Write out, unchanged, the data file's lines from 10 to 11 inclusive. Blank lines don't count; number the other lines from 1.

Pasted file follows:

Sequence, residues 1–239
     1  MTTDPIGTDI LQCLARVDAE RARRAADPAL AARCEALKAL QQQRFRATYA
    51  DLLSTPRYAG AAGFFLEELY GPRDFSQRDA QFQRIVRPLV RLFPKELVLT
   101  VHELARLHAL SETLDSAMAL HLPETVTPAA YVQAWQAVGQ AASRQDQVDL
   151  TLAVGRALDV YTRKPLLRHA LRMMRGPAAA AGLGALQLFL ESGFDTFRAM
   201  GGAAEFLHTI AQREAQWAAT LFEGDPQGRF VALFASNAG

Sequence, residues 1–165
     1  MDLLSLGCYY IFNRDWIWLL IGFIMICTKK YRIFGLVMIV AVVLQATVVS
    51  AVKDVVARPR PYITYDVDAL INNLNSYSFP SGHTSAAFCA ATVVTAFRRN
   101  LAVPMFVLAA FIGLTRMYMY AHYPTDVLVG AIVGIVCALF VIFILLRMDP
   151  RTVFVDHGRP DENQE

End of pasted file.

   101  LAVPMFVLAA FIGLTRMYMY AHYPTDVLVG AIVGIVCALF VIFILLRMDP
   151  RTVFVDHGRP DENQE